K-d trees are fast because they naturally adapt to each data set's particular distribution, using small leaf blocks where the indexed values are dense: notice how central London, where there is a higher density of points, is assigned smaller leaf cells. K-d trees also naturally find the right tradeoff of how deeply to recurse, by splitting up the dimensional space, versus at what point simply scanning the full-precision values in one cell is appropriate. This is in contrast to legacy numeric fields which always index the same precision levels for every value (4 terms for a long value, by default) regardless of how the points are distributed.
Each indexed value, for example a single
IntPoint added to your document, is translated into a fixed-length
byte for a specific number of dimensions. There are classes for each native type (
FloatPoint, etc.) that handle converting values of that type to the matching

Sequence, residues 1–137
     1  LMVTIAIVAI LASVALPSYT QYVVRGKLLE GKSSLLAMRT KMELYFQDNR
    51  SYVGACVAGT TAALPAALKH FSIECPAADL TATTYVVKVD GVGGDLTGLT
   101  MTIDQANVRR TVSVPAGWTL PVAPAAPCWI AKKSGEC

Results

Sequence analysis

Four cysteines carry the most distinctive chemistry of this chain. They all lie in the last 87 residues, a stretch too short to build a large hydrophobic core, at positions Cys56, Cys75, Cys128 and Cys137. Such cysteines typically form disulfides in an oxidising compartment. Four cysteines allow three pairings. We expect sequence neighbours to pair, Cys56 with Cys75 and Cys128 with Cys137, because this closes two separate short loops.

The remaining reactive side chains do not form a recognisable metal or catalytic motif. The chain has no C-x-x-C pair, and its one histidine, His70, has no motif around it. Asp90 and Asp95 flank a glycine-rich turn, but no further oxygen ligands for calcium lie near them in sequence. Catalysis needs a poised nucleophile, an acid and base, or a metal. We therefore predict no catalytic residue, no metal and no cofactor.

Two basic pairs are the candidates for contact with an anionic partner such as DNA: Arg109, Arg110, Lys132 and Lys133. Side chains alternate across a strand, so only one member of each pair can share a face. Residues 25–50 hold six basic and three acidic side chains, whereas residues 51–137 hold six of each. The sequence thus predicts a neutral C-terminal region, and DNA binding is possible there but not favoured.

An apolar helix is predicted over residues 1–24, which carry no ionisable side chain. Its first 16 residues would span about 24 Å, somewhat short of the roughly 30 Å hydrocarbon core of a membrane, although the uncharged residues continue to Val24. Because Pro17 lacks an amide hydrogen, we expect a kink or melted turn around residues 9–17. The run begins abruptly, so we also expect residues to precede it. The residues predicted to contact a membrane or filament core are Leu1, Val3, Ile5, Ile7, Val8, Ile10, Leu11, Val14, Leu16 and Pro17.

byte. For a given field name, all documents in the index must have the same number of dimensions and same
byte length across dimensions. Multi-valued fields are allowed, by adding the same field name multiple times in one document.
IndexWriter buffers the points you have indexed, and then uses
PointFormat, a newly added codec component, to write the values to a new segment. The default codec supports points, but the simple text codec does as well (it was the first implementation!), so you can see the leaf blocks in a simple, human-readable plain text file if you are curious (do not use it in production!).